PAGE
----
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    Where is my posts i made here?
     
  8. BenTheMan Dr. of Physics, Prof. of Love Valued Senior Member

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    I deleted them because they were off-topic.

    ====

    To all: I will do my best to keep serious threads like this one free of trolling.
     
  9. sniffy Banned Banned

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    If this theory becomes accepted does it mean curtains for string theory?
     
  10. Oli Heute der Enteteich... Registered Senior Member

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  11. sniffy Banned Banned

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    I believe it not.
     
  12. BenTheMan Dr. of Physics, Prof. of Love Valued Senior Member

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    Perhaps. I think Lisi showed that the group E8 contains a subgroup which is SO(3,1). SO(3,1) is the Lorentz symmetry in four dimensions, so this theory definitely predicts a four dimensional space-time.
     
  13. BenTheMan Dr. of Physics, Prof. of Love Valued Senior Member

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    Well, yes. But the E8 in string theory comes with 10 space-time dimensions. This E8 lives in four dimensions.
     
  14. sniffy Banned Banned

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    Hmmm.
     
  15. Nickelodeon Banned Banned

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    What is that picture supposed to represent?
     
  16. BenTheMan Dr. of Physics, Prof. of Love Valued Senior Member

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    I am not sure actually. Remember I said that E8 is a collection of 8 by 8 matrices with certain properties? There are a finite number of such matrices, 240. I think each little black dot in the diagram is an 8 by 8 matrix, and the lines connecting them are some multiplication rules, or something.

    Everybody puts this picture up, but nowhere have I seen an explanation of it.
     
  17. Reiku Banned Banned

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    eerrr.. Oli...


    There are only 8-time dimensions in a 57 dimensional configurate...
    DUH
     
  18. BenTheMan Dr. of Physics, Prof. of Love Valued Senior Member

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    There's NO time dimension. The 57 dimensional thing is a representation of E8, I'm sure.
     
  19. Reiku Banned Banned

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    If there is't AT LEAST one time dimension, the this whole thread has been a farse, from a quantum and relative veiwpoint.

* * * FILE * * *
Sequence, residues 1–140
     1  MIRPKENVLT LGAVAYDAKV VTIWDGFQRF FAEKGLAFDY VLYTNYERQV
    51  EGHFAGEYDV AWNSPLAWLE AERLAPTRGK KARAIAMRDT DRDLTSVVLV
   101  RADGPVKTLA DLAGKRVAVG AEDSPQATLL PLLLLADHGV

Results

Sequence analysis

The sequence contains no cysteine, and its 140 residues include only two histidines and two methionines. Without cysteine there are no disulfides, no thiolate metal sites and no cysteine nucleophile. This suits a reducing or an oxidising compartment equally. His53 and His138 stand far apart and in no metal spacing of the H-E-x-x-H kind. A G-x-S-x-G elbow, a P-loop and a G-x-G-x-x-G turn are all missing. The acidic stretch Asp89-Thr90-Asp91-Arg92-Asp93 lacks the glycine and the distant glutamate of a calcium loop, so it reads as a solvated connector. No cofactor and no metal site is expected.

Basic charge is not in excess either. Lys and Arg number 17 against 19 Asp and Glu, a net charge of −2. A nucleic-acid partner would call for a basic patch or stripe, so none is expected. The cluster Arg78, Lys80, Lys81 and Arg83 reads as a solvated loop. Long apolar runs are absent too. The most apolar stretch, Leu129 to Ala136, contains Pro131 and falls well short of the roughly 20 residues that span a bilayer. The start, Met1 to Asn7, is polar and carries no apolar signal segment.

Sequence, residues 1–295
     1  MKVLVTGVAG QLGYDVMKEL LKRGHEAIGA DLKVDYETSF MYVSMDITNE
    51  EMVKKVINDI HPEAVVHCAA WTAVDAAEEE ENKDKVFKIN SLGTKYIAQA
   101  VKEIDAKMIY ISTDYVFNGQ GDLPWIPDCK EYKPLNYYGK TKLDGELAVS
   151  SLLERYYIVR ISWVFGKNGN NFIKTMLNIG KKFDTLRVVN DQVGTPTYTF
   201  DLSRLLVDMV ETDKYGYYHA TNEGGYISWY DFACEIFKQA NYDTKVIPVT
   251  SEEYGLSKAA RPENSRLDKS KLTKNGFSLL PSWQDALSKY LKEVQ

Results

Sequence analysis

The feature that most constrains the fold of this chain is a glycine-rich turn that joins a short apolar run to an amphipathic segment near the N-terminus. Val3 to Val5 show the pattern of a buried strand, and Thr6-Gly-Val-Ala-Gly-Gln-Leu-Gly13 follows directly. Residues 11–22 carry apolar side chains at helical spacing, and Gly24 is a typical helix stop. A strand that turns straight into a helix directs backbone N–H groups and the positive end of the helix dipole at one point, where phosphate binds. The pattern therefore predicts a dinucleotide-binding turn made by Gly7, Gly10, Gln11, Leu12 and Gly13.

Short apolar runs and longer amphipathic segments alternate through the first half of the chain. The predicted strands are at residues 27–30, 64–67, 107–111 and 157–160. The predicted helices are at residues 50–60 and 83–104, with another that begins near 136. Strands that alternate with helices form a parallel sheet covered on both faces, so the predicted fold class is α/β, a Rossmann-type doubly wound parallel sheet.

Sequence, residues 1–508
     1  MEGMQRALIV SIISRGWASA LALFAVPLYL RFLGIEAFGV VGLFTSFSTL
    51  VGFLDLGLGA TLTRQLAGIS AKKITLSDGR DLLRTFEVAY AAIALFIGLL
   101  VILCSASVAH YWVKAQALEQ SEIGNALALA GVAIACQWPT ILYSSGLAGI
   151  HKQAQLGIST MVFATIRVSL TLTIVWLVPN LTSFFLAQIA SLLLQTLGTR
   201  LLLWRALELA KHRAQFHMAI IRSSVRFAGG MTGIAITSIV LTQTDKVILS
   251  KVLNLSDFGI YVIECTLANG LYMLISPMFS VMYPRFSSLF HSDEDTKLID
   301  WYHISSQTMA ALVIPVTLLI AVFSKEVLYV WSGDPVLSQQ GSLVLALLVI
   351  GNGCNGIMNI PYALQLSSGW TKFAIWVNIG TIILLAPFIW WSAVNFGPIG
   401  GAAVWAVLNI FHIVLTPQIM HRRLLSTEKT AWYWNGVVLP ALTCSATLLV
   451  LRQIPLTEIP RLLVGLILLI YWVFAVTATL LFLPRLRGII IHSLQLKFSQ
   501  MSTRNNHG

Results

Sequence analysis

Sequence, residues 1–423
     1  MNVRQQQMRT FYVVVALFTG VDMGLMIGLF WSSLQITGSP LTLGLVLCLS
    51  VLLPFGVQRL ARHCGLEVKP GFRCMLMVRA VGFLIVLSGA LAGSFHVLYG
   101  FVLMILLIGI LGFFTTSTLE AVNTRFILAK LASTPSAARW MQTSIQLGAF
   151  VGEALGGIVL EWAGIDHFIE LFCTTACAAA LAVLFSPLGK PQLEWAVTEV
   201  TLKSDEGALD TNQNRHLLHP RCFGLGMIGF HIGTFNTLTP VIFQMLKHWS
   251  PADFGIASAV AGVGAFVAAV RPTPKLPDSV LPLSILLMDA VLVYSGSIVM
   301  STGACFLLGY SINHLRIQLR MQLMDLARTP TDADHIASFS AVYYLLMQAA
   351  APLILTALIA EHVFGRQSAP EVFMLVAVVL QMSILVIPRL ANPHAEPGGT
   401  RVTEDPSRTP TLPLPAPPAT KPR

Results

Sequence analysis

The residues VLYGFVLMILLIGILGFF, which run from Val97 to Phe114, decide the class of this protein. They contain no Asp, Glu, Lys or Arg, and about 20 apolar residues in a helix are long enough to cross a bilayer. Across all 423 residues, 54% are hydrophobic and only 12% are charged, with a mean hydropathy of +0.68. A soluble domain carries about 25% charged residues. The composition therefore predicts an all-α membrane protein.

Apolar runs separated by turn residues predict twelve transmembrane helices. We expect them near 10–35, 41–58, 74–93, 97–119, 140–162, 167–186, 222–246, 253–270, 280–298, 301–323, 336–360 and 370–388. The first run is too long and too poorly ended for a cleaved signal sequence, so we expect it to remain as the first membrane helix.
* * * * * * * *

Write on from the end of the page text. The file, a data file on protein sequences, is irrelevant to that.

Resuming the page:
20. BenTheMan Dr. of Physics, Prof. of Love Valued Senior Member

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    Well, I disagree. The time dimension lives in SO(3,1), which lives in the E8. The E8 breaks to stuff x SO(3,1). SO(3,1) has spinor and vector representations, which explains why we have fermions and bosons.
     
  21. Reiku Banned Banned

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    yu wot? Chinese mate... i understand some of it... not all.
     
  22. BenTheMan Dr. of Physics, Prof. of Love Valued Senior Member

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    Well---the Lorentz symmetry is SO(3,1). A symmetry of nature is basically an operation that you can do on something, so that something is left unchanged. The ``space'' of ``space-time'' has a three dimensional rotational symmetry. This means, for example, that if you were floating in space and had no way to identify directions, you could turn about three different axes and have things look the same. The other example is a sphere. IF you have a solid, unmarked sphere, you can turn it about the x, y, or z axes, and still end up with things looking the same. This group of rotations is called SO(3).

    Time kind of fucks everything up, but suffice it to say that you can define rotations in time---to us they look like a displacement in space. Doing htis, you can show that space-time looks like SO(3,1).

    What Lisi has showed is that SO(3,1) lives inside the larger group E8. And presumably he's shown how to break the larger symmetry of E8 up into smaller bits, each of which describe our universe.
     
  23. Reiku Banned Banned

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    Well, SUFFICE to say, in relative format, a 57 dimensional coordinate against the ratio of geometry, it WOULD NEED an 8-dimensional configuration.

    Why don;t you just ask one of your physicist professors instead of acting like an immature scientist by deleting my posts.